Oral ivermectin, malathion and other treatments: literature roundup

Created on 24.02.12

A round-up of literature over the last couple of years covering diverse methods of treating pediculosis.

Oral ivermectin & malathion

Two 2010 papers give further information on in vivo tests on the efficacy of oral ivermectin and malathion for treating head lice:

The work of Nofal, published in 2010 in the Journal of the German Society of Dermatology tested 80 children; giving half of them a dose of oral ivermectin (200 mcg/kg) and half a treatment with a 0.5% malathion solution. Success rates after 8 days were 77% (ivermectin) and 87% (malathion) respectively.

After administering a second dose to unresponsive patients, follow-ups at day-15 after initial treatment gave a success rate of 92% and 95% for ivermectin and malathion respectively. The paper considers oral invermectin to be a 'promising' treatment.

The work of Chosidow et al. was published in the New England Journal of Medicine and involved a multi-centre RCT using a much greater patient group than the Nofal study. 812 patients were involved in total, all receiving a dose of either oral ivermectin (400 mcg/kg) or malathion (0.5% solution) on days 1 and 8 of the study. Follow-up two weeks after treatment found that, for intention-to-treat patients, of the ivermectin group, 95% were lice-free, compared to 85% for the malathion group (significant at <0.001 level). The authors recommend oral ivermectin as an alternative to malathion due to its 'superior efficacy'.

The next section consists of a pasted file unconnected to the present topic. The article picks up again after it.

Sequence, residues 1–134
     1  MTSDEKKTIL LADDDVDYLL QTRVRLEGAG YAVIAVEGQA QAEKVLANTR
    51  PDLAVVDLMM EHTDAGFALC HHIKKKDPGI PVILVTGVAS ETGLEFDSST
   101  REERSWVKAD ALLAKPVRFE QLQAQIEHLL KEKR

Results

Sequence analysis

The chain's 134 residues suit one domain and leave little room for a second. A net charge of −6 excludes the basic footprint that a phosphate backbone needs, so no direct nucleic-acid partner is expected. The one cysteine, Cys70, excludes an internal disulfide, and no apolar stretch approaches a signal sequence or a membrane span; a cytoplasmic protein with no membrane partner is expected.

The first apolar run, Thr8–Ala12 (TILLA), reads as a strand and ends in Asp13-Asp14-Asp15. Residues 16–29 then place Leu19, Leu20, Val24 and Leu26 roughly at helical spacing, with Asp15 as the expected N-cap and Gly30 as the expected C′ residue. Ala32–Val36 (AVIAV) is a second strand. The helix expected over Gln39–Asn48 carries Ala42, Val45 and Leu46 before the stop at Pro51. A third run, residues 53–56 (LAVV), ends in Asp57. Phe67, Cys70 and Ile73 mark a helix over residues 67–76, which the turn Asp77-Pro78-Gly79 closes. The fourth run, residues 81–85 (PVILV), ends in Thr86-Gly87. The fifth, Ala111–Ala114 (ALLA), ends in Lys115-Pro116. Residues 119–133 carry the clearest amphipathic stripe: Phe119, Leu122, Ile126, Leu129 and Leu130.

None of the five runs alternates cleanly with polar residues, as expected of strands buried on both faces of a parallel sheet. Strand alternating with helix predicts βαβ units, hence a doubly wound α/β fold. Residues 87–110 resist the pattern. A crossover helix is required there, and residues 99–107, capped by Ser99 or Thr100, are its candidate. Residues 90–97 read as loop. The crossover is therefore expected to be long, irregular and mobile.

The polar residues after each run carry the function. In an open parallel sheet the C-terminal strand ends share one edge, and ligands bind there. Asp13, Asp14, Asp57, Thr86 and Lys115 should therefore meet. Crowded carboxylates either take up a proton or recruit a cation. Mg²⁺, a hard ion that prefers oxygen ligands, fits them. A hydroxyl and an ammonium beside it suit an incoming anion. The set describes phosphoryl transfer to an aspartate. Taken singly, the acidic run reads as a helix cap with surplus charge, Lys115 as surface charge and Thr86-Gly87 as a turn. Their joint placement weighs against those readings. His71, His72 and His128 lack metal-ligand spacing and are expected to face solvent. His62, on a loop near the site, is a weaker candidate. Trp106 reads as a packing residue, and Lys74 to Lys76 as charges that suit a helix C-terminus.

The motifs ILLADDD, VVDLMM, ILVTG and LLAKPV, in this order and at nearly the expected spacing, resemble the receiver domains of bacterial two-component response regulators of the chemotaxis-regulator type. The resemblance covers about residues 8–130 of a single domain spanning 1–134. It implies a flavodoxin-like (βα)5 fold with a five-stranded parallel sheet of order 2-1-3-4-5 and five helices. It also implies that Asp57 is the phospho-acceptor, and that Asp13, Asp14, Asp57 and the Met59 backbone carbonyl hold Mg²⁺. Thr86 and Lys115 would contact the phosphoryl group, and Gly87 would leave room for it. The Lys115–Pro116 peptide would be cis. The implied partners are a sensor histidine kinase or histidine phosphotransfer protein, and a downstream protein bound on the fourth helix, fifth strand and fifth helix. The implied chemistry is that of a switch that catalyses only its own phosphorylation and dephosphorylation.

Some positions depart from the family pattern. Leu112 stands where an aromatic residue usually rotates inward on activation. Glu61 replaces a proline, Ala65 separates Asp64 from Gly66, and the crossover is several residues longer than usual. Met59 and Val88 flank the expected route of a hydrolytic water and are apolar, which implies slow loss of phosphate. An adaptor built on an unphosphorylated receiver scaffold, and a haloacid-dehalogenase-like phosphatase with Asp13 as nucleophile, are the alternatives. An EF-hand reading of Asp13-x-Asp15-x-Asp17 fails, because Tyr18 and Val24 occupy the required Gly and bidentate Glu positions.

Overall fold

Neem seed extract

A recent paper from Adbel-Ghaffar et al. published in Parasitology Research in 2012 investigated neem seed extract as a pediculicide both in vivo and in vitro. This small study, involving 12 children, found that a 10-minute treatment with the product was sufficient to kill all lice infestation, with no lice found on day-8 post treatment. The authors suggest, based on this and on in vitro experiments, that the neem seed extract is effective against head-lice and that it has an ovicidal activity as well.

Other studies

A study published by Grieve & Barnes in Parasitology Research in 2011 compared four commerical products for their ability to prevent the transmission of head lice in vitro. The tests showed that none of the products could completely prevent lice motility into treated areas, but found that 'MOOV spray' was the most consistent and efficient at discouraging lice motility.

Finally, a wider-ranging study by Asenov et al. published in the International Journal of Dermatology in 2010 compared several commercial pediculicides for efficacy using an ex vivo experiment. They concluded that two of the 1% permethrin products showed the greatest lice mortality (>90% after 4h). Several other 1% permethrin products, as well as two 0.02% deltamethrin products showed efficacy of <60%. A pure coconut oil treatment had an 80% efficacy rate, while several OTC products tested showed low efficacy.

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